There was a time when almost every San Francisco visitor armed with a briefcase, even just a camera and map, would stay in the history-rich guestrooms of Nob Hill. But now four hotels in that neighborhood are up for sale as tourists, business travelers and conference-goers seek locations closer to downtown or Fisherman’s Wharf.
The Nob Hill properties on the market are the Fairmont Hotel, the InterContinental Mark Hopkins, the Huntington Hotel and the Stanford Court Renaissance Hotel. While each hotel has its own reason for selling, all of them suffered from the migration of business travelers to lodging near the Moscone Center.
While the Nob Hill hotels have conference facilities, managers there can’t expect to match the draw of the Moscone Center, the South of Market facility that boasts 106 meeting rooms comprising more than 250,000 square feet.
The Moscone Center, located in the South of Market neighborhood, drew about 920,000 people to 92 total events in the 2009-10 fiscal year, with expected numbers in 2010-11 to top 1 million people.
“Some of the energy centers here in The City have shifted,” said Scott McCoy, general manager of the Stanford Court. “Part of our play is we have that piece of uniqueness in San Francisco. It’s a bit of a retreat up here, but you can still experience The City.”
Rick Swig, longtime hotelier and founder of RSBA & Associates, said so many Nob Hill hotels are on the market due to a combination of investment, location and political dynamics. The Fairmont’s recent attempt to convert part of its facility into condominiums didn’t pass muster with city leaders, and the owners decided to sell.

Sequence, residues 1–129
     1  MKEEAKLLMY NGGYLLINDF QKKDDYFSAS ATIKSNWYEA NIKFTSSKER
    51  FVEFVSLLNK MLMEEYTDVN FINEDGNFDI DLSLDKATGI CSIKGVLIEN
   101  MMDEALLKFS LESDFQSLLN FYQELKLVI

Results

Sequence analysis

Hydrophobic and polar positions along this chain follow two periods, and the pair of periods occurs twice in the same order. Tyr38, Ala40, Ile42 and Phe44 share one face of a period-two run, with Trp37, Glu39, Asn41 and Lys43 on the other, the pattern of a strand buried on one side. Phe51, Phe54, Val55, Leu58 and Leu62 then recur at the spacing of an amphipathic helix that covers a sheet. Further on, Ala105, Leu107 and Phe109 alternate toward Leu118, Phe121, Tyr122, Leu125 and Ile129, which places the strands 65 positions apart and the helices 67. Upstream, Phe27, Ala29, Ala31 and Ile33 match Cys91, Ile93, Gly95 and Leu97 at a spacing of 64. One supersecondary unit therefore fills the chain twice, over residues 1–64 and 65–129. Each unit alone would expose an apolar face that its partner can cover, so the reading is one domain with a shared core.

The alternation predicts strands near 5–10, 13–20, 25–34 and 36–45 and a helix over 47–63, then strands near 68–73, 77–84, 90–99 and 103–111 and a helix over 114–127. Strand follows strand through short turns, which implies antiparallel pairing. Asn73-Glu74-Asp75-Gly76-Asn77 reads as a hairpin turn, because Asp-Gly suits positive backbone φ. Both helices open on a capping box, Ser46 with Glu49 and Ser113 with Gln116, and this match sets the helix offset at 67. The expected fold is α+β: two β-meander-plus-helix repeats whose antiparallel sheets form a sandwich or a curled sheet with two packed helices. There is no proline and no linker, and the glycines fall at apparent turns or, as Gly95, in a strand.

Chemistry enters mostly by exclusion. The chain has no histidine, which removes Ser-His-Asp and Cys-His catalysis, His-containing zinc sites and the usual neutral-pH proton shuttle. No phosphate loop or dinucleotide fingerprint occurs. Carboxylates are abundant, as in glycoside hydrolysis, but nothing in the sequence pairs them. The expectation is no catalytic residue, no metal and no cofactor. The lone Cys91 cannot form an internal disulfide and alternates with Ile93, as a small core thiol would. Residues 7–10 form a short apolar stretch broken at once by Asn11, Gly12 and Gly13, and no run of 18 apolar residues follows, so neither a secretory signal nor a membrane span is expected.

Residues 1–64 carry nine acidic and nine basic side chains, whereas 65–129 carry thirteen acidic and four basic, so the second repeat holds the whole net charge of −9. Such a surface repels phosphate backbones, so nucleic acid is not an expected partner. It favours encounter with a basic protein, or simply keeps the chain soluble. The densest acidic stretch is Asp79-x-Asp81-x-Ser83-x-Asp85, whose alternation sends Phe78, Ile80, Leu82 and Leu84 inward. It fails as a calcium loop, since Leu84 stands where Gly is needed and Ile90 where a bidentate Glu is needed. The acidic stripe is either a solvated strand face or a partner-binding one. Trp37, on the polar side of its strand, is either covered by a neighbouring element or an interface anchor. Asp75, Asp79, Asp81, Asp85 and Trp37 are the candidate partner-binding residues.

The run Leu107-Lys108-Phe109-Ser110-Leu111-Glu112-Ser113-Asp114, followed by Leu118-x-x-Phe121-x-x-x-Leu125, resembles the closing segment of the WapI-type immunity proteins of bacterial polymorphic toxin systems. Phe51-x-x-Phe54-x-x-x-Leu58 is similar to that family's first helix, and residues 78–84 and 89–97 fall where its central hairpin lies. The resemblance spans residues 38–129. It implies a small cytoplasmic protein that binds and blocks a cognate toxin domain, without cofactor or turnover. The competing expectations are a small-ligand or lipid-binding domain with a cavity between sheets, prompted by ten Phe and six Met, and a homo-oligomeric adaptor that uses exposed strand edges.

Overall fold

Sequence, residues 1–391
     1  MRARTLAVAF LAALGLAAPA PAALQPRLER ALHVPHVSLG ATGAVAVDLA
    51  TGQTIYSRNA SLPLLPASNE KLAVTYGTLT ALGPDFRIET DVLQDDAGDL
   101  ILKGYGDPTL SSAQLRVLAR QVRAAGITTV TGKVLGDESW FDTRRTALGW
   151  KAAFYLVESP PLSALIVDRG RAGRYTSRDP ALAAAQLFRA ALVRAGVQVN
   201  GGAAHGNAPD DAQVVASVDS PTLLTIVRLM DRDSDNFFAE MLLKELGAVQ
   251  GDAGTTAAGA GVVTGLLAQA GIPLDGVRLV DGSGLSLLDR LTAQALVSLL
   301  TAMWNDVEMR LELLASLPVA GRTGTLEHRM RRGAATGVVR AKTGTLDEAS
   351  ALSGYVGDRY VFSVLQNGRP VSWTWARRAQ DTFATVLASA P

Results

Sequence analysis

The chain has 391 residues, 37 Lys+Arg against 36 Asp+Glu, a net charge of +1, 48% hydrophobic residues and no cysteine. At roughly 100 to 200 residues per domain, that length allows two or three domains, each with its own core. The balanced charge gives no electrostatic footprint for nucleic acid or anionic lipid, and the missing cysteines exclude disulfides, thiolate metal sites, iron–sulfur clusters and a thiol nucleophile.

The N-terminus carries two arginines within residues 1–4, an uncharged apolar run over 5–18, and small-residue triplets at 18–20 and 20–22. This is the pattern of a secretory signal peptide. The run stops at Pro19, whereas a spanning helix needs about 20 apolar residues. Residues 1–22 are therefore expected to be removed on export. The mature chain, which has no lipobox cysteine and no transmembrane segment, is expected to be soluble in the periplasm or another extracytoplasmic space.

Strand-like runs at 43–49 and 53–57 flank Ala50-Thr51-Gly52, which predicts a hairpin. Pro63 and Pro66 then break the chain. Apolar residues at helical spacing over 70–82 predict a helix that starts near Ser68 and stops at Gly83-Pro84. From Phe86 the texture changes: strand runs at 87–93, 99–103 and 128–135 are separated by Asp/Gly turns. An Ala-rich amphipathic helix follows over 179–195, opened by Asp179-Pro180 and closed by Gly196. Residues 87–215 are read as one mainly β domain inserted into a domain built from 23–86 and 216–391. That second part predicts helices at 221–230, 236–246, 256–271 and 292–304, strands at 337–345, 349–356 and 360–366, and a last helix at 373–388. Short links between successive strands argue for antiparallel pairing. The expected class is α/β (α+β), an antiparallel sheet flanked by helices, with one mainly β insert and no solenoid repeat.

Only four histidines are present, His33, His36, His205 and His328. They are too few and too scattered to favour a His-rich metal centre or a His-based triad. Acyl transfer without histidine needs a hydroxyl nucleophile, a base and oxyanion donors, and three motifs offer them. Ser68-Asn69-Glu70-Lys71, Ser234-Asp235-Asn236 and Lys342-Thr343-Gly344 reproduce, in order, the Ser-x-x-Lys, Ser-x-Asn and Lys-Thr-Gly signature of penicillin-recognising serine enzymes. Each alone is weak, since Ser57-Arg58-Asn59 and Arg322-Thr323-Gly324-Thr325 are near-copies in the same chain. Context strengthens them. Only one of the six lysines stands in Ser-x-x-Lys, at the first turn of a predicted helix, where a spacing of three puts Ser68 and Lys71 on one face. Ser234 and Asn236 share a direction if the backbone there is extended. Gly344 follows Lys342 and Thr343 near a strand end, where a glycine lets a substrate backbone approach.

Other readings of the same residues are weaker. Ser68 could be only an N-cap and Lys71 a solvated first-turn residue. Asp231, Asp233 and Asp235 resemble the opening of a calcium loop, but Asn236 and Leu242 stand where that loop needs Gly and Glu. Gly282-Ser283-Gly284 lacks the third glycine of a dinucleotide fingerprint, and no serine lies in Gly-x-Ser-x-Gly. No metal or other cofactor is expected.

Swig said if Nob Hill hotels have a financial future, it will be in some mixture of hospitality and conversion to residences.
“The opportunity to reinvent those hotels is over,” he said.
In addition to the Nob Hill properties, the Hyatt Regency at the Embarcadero Center and the Larkspur Hotel in Union Square also are for sale, showing a volume of hotel real estate unseen in The City since the height of the market in 2007.
Claims to fame:
- The partially constructed Fairmont survived the 1906 earthquake, after which construction continued
- Hosted international diplomats who eventually signed the charter for the United Nations in 1945
- The Tonga Room & Hurricane Bar, a beloved tropical-themed tiki bar, opened in 1967
- Featured in films such as “The Rock” and served as exteriors for the St. Gregory Hotel in the 1983 television series, “Hotel”
InterContinental Mark Hopkins
Claim to fame:
- Once the site of Central Pacific Railroad founder Mark Hopkins’ mansion, which survived the 1906 earthquake but burned in the subsequent three-day fire
- Room of the Dons features nine-foot paintings by Maynard Dixon and Frank Von Sloun
Claim to fame:
- Built on the former site of Leland Stanford’s mansion, which was destroyed in the 1906 earthquake
Opened: 1922 (as apartments)
Claim to fame:
- Named for Collis P. Huntington, a famous railroad tycoon of the Old West